Stronger Penalties for Teens Who Text and Drive Passed by Senate

     Senator Charles J. Fuschillo, Jr. (R-Merrick), Chairman of the Senate’s Transportation Committee, announced today that the New York State Senate has passed legislation to suspend the driver’s licenses of teenage drivers who text or talk on a cell phone while driving. The legislation is sponsored by Senator Fuschillo and Senator Carl Marcellino (R-Syosset).

     “Drivers who pay more attention to their cell phone than the road put everyone’s safety at risk. Teenagers are both the most likely to drive distracted and the least experienced drivers on the road; that is a dangerous combination. Suspending teens’ driver’s licenses for committing a distracted driving offense will reinforce how serious and dangerous distracted driving is and give teens another reason to focus on the road, not their cell phone, when behind the wheel,” said Senator Fuschillo.

     "Whether it's texting, emailing, or talking on the phone, distracted driving is dangerous and potentially deadly. My life was forever changed by a distracted driver; I lost my parents and have physical and emotional wounds that will never heal. I never want that to happen to anyone else. Anything we can do to raise awareness about the dangers of distracted driving and discourage people from texting or talking on a cell phone while driving will make a difference and potentially save lives. The Senate's actions are another positive step in the fight against distracted driving," said Jacy Good, who was the victim of a crash caused by a distracted driver. Jacy's parents were killed in the crash.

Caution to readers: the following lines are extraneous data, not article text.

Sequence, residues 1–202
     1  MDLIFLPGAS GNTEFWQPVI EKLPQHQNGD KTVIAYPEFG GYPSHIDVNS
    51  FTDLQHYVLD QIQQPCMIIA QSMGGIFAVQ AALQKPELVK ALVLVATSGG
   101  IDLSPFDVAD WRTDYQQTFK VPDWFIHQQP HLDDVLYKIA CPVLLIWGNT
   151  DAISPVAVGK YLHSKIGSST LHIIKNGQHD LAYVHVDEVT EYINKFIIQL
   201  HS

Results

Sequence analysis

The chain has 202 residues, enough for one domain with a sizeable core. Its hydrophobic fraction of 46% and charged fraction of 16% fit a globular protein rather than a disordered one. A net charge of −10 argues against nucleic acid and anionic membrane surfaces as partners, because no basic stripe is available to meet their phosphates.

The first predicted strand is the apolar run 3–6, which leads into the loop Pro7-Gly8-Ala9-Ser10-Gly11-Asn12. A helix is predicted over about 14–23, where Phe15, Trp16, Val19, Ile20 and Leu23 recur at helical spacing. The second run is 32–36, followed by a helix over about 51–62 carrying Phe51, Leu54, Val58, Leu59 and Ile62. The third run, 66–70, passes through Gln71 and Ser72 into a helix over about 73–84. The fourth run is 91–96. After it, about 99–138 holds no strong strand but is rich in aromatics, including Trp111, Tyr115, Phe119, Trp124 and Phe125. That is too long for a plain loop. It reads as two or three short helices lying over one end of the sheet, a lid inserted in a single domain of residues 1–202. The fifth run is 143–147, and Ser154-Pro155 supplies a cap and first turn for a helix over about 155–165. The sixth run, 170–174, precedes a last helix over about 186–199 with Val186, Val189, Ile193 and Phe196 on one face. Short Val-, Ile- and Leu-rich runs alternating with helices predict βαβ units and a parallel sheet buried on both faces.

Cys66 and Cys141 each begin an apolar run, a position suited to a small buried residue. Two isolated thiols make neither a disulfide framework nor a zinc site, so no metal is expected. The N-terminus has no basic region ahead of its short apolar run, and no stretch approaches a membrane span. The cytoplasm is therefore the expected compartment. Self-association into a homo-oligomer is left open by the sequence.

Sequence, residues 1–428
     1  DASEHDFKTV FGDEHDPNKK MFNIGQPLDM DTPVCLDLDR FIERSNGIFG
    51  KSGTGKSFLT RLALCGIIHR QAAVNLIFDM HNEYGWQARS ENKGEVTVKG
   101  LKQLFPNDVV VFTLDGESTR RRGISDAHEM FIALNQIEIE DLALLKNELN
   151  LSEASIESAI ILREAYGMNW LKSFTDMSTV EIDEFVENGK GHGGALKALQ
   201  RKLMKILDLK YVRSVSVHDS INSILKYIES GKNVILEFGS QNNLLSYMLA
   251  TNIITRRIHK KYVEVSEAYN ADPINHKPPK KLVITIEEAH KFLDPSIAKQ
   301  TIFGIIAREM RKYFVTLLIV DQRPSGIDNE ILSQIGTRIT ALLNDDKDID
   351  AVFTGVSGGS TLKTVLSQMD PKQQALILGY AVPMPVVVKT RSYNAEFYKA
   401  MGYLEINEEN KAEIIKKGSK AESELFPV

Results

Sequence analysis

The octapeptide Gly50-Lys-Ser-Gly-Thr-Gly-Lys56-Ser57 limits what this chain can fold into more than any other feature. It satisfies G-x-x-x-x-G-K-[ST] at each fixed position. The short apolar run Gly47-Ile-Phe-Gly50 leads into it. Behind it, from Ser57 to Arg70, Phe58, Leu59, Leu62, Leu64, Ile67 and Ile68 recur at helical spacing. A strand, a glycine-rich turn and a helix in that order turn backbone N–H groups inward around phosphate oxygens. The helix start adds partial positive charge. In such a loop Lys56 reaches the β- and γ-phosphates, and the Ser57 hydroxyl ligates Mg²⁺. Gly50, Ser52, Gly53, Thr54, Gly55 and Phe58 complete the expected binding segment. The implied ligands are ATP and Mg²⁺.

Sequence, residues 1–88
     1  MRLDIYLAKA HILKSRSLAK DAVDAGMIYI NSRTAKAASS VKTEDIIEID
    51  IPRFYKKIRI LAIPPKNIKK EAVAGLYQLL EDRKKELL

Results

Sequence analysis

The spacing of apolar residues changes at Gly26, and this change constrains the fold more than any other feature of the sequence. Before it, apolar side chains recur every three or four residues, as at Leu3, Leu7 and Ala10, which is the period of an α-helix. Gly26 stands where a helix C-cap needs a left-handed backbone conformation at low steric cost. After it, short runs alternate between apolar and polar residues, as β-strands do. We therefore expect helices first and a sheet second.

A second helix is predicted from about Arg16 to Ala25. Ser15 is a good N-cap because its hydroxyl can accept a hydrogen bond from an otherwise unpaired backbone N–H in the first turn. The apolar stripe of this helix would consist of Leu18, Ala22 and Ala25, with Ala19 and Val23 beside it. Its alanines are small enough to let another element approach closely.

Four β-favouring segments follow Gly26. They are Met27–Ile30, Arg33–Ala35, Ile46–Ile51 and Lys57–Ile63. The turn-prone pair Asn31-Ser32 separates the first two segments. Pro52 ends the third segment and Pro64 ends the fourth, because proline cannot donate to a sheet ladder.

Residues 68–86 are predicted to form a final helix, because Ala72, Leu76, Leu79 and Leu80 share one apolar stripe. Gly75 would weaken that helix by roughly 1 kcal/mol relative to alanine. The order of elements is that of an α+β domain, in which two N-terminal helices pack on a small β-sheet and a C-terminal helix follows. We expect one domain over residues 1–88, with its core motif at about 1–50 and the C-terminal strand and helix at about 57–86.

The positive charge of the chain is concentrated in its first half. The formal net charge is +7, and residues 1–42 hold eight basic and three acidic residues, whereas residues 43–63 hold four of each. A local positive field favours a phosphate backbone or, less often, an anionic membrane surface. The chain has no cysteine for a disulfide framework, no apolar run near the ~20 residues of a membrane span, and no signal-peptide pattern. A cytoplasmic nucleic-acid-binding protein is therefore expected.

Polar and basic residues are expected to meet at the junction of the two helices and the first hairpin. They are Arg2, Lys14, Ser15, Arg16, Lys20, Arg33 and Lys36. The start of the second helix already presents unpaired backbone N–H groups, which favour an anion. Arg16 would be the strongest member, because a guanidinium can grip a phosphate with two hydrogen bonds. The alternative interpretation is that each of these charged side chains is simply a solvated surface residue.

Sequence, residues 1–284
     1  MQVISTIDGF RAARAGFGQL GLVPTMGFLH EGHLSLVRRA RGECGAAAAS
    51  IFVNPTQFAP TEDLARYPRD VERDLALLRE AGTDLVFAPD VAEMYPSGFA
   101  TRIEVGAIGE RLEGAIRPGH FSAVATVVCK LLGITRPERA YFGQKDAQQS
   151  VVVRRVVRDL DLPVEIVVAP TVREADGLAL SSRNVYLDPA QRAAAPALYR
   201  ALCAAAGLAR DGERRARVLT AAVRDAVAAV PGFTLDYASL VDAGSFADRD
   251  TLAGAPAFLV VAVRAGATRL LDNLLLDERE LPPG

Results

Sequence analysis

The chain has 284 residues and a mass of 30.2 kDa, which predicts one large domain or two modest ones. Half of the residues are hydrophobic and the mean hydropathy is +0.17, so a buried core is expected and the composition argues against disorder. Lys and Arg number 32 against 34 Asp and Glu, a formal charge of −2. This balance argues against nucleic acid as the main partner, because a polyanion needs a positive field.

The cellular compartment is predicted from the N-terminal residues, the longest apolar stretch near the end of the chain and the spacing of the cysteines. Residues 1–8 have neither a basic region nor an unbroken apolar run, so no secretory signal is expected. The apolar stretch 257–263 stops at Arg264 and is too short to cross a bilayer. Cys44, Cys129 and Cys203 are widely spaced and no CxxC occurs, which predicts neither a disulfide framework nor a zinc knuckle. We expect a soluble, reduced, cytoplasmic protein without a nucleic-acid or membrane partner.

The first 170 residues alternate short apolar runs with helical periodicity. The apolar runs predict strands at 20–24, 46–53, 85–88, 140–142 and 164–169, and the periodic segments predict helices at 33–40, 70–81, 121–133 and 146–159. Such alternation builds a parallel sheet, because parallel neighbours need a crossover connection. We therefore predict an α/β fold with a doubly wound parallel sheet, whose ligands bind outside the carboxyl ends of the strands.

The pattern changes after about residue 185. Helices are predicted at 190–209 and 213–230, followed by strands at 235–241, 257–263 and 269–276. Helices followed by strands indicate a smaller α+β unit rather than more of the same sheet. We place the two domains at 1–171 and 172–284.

Under the legislation (S5656) teens with a junior driver’s license would have their license suspended for sixty days each time they commit a distracted driving violation. Teens and other newly licensed drivers who commit a distracted driving offense within the first six months of receiving their regular driver’s license would face a sixty day license suspension for their first offense. Those who commit a subsequent offense within six months of having their license restored would face a six month license suspension. In each instance, the suspensions would be in addition to any other applicable penalties, including five driver license penalty points and monetary fines.

     Distracted driving is a widely prevalent problem among teenagers. A survey conducted by the Centers for Disease Control (CDC) found that in 2011, 45% of all students ages 16 and older reported to texting or emailing while driving at least once in the past 30 days. Distracted drivers are 23 times more likely to be involved in a crash than a non-distracted driver, according to the U.S. Department of Transportation.

     Motor vehicle crashes are the leading cause of death for U.S. teens, and teen drivers ages 16 to 19 are three times more likely than drivers aged 20 or older to be in a fatal crash, according to the CDC.